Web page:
Value of Certification in Sleep Medicine
Compared with the medical specialists who are or will be certified in sleep, otolaryngologists will be a distinctive group. Not only will their numbers be smaller, but those otolaryngologists more motivated to seek such certification will be unique. Within the sleep community, the sleep-trained otolaryngologist will have skills and knowledge that no other group within the specialty can acquire. As such, certification in sleep medicine provides major growth opportunities for otolaryngology in academic, public health, research and other health care arenas.
Explore This IssueJanuary 2007
Prior to the new board certification process, a historical bias obstructed access to the field compared with other medical specialties. The opportunity to participate in the sleep lab or to be eligible to take the previous sleep medicine exam was difficult. Despite the personal and professional efforts that were often needed, I have not met one otolaryngologist who regrets pursuing sleep medicine. Uniformly, their only regret is not doing more sleep medicine earlier. The new certification process has welcomed otolaryngologists with open arms.
For some, sleep medicine is defined by the polysomnogram. If true, the future discovery of a blood test for sleep apnea will be sleep medicine’s Armageddon (or end of the sleep medicine world as we know it). However, for those who view the field of sleep medicine not as a test but as a wide variety of clinical competencies, scoring or reading sleep studies does not define the field.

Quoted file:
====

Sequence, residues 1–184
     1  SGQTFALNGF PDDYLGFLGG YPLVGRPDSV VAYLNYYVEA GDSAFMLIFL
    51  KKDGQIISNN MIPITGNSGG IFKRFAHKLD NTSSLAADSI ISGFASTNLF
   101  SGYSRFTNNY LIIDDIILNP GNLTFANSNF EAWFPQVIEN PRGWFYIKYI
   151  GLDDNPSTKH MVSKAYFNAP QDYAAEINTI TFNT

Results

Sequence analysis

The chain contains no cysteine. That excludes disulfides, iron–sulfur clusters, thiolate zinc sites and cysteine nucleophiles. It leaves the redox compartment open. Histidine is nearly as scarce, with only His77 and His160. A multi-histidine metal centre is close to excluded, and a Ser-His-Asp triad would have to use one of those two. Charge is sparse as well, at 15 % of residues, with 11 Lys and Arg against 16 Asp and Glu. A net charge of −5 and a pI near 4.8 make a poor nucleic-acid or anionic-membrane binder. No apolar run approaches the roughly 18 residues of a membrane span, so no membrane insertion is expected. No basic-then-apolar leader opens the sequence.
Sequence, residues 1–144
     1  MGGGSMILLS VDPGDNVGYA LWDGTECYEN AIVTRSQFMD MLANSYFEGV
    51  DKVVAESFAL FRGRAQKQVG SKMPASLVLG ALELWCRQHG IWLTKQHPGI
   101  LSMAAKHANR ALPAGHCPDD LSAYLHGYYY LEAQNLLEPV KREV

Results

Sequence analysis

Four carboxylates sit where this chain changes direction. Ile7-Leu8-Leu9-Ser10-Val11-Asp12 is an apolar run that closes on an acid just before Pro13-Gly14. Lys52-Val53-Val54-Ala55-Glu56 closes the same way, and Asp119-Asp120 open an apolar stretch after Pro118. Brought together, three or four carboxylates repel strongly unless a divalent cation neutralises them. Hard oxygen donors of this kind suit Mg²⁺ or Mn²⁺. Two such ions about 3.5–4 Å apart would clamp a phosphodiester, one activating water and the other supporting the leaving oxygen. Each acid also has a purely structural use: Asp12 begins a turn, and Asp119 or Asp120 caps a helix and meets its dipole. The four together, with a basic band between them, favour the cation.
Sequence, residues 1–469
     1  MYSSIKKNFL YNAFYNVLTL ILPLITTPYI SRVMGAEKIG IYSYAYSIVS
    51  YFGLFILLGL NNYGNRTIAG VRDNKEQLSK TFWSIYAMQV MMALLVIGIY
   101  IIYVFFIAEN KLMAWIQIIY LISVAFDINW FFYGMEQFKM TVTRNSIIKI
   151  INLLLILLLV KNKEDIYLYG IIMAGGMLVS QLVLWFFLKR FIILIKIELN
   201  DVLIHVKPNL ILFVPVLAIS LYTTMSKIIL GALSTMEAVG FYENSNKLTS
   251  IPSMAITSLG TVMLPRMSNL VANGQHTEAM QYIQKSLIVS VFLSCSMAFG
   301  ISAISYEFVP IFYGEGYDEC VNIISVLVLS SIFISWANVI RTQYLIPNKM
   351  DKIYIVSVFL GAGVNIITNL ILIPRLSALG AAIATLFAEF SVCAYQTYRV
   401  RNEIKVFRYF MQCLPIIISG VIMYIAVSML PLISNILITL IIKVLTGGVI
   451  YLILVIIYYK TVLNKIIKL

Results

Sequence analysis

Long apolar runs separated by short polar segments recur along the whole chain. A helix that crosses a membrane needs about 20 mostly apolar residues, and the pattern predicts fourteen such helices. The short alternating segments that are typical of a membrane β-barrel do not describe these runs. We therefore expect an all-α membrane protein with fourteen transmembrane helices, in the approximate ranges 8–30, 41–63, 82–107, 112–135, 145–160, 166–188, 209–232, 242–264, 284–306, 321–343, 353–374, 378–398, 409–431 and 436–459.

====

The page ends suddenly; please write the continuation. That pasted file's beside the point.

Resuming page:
Historically the sleep lab was the center and engine driving the sleep universe, but as the engine that drove the field, it has also been its anchor. Maturity of the field will likely alter the role and ways polysomnography is performed. Otolaryngology should be a part of this change. In the future, running a sleep lab as we know it may not be a major part of sleep medicine. Entire evolving technologies will likely fill the gap.
The goal of subcertification in sleep is to improve patient care and outcomes. Comprehensive knowledge of sleep matters. Even surgeons who only do airway surgery must have a responsibility to ensure that all diagnostic evaluation is performed and appropriate therapies prescribed. To restrict otolaryngology’s participation to that which can be reached by the scalpel is as ludicrous as limiting the scope of knowledge and qualifications of the neurotologist to those disorders that can be reached by the drill.